Professor and grad student join together to find answers on climate change’s effect on vegetation
Second-year geography graduate student Sydney Bailey is working with Professor Grant Elliott, leading the reins on a study using tree rings to reconstruct seedling regeneration at the upper tree-lines in the Sangre de Cristo Mountains in northern New Mexico and southern Colorado. Their goal is to see the effect of climate change on seedlings and note how vegetation interactions have shifted over time.
They sampled vegetation at six sites on three mountain peaks: one peak northeast of Santa Fe and one north of Taos Ski Valley in New Mexico and another peak south of La Veta, Colorado. Bailey and Elliott, along with the another biogeography graduate student, Steve Cardinal, spent three weeks hiking and studying these sites during late July and early August. Their summer field season was pushed back nearly two weeks because heavy spring snowpack kept these high-elevation environments snow-covered into July.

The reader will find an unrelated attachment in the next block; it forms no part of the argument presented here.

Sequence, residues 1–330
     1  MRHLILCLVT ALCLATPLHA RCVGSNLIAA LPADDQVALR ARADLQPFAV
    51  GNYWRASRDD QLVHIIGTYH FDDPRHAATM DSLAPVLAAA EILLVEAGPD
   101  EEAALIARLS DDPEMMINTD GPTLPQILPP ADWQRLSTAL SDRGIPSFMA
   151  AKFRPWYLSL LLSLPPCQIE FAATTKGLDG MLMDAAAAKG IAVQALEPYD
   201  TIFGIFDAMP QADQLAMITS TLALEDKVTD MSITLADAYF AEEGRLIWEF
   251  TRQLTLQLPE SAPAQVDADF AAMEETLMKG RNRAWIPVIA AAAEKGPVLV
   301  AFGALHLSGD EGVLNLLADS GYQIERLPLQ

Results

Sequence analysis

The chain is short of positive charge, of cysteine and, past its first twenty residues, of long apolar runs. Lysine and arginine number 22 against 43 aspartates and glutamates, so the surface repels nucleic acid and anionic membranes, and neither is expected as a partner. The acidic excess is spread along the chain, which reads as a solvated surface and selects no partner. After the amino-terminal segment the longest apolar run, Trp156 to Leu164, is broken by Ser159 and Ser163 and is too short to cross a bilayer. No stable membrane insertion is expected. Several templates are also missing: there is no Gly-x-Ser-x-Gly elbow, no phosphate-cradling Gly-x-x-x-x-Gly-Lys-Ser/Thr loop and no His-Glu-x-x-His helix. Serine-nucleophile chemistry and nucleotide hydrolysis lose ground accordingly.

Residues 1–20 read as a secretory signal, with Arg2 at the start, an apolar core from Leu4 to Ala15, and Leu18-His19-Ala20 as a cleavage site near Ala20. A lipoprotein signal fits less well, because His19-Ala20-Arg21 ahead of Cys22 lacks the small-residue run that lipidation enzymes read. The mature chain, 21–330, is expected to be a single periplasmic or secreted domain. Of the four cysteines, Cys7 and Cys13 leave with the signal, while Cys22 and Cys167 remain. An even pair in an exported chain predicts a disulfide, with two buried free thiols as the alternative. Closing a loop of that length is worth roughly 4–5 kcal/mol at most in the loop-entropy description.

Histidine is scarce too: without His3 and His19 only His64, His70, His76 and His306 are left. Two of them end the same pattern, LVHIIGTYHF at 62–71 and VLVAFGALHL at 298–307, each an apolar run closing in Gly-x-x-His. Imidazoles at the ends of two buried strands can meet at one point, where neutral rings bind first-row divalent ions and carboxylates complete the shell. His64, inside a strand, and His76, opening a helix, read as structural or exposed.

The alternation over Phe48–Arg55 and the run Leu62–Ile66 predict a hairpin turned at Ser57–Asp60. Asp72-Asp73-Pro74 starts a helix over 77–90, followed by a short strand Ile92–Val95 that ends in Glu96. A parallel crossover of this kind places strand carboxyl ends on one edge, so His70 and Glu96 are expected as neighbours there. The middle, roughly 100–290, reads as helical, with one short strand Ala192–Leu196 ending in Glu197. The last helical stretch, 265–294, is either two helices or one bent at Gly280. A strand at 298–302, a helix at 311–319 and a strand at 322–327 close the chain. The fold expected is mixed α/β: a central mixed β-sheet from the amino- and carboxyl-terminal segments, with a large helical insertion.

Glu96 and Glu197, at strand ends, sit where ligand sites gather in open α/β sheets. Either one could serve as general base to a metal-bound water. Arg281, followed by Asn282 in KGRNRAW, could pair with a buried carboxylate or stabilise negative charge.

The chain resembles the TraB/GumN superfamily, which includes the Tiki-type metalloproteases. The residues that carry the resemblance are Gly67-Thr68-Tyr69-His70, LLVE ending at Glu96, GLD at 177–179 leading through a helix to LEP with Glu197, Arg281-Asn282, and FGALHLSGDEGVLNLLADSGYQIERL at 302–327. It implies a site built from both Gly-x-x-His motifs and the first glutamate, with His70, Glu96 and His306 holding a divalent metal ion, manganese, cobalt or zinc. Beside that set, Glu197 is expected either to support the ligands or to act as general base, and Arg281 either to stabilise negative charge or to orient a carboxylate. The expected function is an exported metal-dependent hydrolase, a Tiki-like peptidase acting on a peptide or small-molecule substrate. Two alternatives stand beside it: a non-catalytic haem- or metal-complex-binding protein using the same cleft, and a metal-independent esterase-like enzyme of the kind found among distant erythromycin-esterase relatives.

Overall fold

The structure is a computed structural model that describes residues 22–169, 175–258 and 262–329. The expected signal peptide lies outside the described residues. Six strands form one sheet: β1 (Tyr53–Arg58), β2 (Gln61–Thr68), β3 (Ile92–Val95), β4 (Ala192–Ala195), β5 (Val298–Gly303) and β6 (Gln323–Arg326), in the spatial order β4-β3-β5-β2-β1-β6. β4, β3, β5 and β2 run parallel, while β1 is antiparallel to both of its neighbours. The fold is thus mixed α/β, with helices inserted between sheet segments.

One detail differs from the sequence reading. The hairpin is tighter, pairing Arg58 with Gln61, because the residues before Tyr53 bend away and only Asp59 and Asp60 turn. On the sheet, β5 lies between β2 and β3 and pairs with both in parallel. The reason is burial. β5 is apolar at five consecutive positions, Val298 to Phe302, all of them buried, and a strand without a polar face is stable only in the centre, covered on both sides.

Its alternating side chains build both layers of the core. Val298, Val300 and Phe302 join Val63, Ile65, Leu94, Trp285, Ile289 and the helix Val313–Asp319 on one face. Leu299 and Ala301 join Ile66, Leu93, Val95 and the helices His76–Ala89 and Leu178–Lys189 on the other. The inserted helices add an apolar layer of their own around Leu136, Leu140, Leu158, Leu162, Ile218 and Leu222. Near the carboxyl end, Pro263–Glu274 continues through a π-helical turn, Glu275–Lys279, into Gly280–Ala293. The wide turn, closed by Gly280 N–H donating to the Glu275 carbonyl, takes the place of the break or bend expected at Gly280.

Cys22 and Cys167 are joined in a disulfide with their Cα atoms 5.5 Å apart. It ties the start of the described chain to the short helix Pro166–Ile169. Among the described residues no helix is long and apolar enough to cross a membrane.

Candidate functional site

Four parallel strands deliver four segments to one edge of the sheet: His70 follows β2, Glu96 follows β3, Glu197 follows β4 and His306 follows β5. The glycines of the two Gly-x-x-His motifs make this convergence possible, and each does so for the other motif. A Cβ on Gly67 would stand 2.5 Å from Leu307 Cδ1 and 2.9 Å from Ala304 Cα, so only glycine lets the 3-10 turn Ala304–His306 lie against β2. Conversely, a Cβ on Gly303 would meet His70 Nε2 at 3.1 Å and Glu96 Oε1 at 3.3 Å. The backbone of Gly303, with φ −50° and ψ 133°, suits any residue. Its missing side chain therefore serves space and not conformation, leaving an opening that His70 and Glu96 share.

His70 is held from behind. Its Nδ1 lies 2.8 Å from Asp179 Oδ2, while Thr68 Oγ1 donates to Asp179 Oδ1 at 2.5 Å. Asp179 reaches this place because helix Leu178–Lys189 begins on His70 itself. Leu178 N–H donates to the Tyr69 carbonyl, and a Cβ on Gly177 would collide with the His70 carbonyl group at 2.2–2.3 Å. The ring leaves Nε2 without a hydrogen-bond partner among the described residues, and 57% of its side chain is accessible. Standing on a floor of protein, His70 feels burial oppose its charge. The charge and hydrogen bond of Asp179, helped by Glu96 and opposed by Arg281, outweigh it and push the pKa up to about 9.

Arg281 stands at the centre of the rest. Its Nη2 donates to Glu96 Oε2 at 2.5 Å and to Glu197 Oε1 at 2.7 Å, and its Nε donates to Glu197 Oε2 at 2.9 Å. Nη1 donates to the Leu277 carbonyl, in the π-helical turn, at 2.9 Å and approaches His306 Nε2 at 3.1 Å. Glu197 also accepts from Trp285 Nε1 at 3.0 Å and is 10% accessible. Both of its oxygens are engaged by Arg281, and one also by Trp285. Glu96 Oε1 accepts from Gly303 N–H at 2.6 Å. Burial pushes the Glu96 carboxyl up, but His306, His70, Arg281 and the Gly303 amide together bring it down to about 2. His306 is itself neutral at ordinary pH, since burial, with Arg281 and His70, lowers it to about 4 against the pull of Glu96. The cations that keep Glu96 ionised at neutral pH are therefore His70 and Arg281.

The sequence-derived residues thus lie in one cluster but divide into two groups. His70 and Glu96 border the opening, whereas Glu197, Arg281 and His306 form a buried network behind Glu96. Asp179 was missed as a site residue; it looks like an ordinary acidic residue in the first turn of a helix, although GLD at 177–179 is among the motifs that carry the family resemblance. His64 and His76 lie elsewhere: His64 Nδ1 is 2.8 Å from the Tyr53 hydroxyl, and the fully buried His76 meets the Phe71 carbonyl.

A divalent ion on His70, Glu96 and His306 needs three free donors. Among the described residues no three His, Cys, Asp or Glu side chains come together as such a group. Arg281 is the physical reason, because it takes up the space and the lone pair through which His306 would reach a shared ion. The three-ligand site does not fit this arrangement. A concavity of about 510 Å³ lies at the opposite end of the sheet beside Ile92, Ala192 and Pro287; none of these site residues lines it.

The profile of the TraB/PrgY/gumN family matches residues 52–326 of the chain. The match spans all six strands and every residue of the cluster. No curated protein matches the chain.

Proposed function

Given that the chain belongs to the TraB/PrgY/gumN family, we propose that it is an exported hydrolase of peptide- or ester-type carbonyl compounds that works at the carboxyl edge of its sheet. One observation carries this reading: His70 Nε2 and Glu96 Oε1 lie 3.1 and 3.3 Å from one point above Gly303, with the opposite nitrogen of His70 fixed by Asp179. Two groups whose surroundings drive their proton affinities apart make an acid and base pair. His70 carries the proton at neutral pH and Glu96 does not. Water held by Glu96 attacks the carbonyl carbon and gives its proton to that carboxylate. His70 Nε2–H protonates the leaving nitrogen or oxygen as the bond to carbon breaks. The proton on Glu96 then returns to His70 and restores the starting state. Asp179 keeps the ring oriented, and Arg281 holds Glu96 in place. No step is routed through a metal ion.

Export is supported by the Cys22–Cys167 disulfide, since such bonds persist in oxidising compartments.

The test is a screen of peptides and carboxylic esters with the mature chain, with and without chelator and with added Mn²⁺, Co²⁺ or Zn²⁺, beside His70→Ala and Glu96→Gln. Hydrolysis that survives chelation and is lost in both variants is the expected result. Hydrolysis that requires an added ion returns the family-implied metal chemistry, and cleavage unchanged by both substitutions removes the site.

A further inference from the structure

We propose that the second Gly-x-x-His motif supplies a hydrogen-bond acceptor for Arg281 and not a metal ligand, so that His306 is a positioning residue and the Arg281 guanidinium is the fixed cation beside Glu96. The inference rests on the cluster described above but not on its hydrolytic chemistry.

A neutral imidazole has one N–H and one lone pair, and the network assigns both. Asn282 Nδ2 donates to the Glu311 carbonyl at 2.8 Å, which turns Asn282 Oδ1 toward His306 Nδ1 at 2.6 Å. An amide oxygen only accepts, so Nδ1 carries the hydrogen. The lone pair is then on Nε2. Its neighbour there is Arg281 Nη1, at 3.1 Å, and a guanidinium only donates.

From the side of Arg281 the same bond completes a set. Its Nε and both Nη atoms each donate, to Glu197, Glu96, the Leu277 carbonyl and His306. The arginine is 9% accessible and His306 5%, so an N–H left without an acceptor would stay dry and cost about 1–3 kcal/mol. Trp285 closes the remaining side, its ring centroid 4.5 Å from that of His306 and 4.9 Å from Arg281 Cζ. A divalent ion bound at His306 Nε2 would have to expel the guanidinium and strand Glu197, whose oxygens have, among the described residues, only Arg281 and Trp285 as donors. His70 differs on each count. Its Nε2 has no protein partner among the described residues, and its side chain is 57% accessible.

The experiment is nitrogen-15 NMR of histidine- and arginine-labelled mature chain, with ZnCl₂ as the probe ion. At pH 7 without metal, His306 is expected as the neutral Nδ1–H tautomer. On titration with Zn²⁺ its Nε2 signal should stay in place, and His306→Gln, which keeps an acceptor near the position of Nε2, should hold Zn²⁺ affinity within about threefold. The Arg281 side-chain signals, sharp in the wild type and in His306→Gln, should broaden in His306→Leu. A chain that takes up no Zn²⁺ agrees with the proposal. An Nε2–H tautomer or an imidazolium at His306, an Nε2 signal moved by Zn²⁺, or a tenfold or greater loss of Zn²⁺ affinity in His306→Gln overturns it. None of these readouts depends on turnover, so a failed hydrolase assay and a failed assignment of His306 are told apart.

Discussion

Professor Clayton Blodgett joined the field crew to help at their Santa Fe-area site, and Cyd Smith, an undergraduate student, is helping in the lab to process samples in preparation for dating them under a microscope.